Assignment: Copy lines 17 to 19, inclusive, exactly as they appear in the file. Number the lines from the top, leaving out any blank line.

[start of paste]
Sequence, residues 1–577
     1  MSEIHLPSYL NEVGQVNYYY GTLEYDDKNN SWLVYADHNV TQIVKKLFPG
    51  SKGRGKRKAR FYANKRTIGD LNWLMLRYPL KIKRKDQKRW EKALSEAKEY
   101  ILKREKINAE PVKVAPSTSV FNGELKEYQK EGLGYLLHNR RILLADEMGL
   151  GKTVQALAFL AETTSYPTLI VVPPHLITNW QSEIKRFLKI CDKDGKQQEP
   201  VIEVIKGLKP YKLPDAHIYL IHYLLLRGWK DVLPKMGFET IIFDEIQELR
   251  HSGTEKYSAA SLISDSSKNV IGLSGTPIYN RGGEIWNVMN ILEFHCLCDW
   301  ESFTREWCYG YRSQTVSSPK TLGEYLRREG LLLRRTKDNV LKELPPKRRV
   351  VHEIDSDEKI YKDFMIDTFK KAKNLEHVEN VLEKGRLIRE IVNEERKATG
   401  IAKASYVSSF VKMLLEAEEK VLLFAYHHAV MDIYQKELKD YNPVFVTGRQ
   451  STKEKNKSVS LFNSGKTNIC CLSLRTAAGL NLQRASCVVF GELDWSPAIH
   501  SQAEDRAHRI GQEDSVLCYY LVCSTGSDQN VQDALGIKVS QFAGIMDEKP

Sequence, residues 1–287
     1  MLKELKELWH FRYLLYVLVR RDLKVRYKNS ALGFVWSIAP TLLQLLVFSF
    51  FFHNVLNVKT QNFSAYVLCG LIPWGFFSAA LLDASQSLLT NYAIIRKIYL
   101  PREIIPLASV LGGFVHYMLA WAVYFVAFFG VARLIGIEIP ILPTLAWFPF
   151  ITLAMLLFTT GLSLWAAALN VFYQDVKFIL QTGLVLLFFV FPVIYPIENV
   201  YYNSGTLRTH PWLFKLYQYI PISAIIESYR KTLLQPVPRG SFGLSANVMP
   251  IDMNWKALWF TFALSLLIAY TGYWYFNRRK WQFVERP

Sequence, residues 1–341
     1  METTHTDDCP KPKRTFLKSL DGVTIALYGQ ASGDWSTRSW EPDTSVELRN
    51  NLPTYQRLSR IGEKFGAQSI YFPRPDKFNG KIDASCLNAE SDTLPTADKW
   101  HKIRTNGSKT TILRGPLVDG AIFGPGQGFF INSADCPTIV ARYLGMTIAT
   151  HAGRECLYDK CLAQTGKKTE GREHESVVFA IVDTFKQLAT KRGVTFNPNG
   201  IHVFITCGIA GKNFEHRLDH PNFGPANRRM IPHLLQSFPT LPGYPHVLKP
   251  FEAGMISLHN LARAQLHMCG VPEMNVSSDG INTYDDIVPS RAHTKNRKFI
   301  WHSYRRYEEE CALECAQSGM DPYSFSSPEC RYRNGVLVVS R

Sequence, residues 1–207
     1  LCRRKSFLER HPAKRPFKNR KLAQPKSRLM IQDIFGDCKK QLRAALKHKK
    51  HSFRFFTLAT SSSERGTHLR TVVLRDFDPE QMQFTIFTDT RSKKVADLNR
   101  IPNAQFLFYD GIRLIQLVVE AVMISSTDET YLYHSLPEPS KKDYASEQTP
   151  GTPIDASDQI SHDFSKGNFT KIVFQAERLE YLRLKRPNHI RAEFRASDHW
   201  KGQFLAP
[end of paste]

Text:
   151  ITLAMLLFTT GLSLWAAALN VFYQDVKFIL QTGLVLLFFV FPVIYPIENV
   201  YYNSGTLRTH PWLFKLYQYI PISAIIESYR KTLLQPVPRG SFGLSANVMP
   251  IDMNWKALWF TFALSLLIAY TGYWYFNRRK WQFVERP